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Points A and B are given in Poincare disc model. Construct equilateral triangle ABC. Any kind of help is welcome.

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up vote 2 down vote accepted

This very much depends on the geometric primitives you have at hand. If you know how to construct a circle given its midpoint and a point on the circle, then you can simply intersect the circle around $A$ through $B$ with the circle around $B$ through $A$. A circle in the Poincaré disc is an Euclidean circle, but the hyperbolic center doesn't usually coincide with the Euclidean one.

If you had coordinates, you could compute the coordinates of the Euclidean center, but as you asked about a construction, I'll not take this computational approach.

You would be better off if you were to construct a circle through three given points, as in that case the Euclidean and the Poincaré interpretation don't differ. Let's concentrate on the circle around $A$ through $B$ for now. If you know how to perform a point reflection in hyperbolic geometry, you can use the mirror image of $B$ in $A$ as the second point. But you'll still need a third point, which has to lie on some other line. I'd suggest you draw a different hyperbolic line thorugh $A$, and then transfer the length $\lvert A,B\rvert$ to that line. You can define lengths in the disc model using cross ratios, and you can transfer cross ratios from one line to another using a sequence of perspectivities.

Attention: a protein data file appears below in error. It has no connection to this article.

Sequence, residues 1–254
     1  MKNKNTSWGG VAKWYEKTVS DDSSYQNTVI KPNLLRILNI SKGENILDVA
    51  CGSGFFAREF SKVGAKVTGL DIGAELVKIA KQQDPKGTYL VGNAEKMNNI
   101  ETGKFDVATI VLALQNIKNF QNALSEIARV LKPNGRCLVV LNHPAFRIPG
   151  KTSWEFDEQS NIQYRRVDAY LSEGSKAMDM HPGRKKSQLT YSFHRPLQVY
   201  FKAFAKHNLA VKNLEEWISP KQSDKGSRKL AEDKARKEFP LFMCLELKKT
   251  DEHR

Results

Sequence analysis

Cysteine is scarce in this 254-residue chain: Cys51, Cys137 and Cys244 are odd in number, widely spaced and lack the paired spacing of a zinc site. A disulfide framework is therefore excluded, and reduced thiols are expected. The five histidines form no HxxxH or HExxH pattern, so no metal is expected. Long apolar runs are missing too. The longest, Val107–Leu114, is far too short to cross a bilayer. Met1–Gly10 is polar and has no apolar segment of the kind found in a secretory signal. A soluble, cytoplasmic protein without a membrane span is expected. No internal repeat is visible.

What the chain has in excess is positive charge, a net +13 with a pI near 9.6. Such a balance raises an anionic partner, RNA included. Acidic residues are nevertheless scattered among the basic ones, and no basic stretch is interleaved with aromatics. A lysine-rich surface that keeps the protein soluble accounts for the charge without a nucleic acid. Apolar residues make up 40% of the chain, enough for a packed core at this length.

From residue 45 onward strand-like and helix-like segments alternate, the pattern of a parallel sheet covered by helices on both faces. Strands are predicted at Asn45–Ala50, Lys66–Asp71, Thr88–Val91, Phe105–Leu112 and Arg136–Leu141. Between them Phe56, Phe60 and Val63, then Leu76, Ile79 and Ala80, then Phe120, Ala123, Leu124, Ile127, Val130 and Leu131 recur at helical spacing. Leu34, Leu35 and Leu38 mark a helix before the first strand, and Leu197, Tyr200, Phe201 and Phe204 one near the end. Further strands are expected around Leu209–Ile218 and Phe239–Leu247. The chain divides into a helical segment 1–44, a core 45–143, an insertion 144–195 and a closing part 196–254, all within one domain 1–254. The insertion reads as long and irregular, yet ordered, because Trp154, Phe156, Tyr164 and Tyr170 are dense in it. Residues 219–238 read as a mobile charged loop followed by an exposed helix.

The following illustration shows one possible way to construct a $B''$ such that $\lvert A,B\rvert=\lvert A,B''\rvert$. The second hyperbolic line (i.e. Euclidean circle) through $A$ was chosen arbitrarily. The rest of the construction is fixed. $A_{\text{inv}}$ is the image of $A$ under inversion in the unit circle. The fact that the line $AB'$ was chosen to go through $A_{\text{inv}}$ apparently ensures that $Q'$, $Q''$ and $C_2$ are collinear, so that this all works out. I only know this fact from experimentation, I don't know the name of the theorem behind it.

How to transfer cross ratio

There might be a shorter route, but this is the first thing that came to my mind.

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There is indeed a shorter approach. Euclid's Proposition I holds in Hyperbolic Geometry just as well as it holds in Euclidean Geometry.

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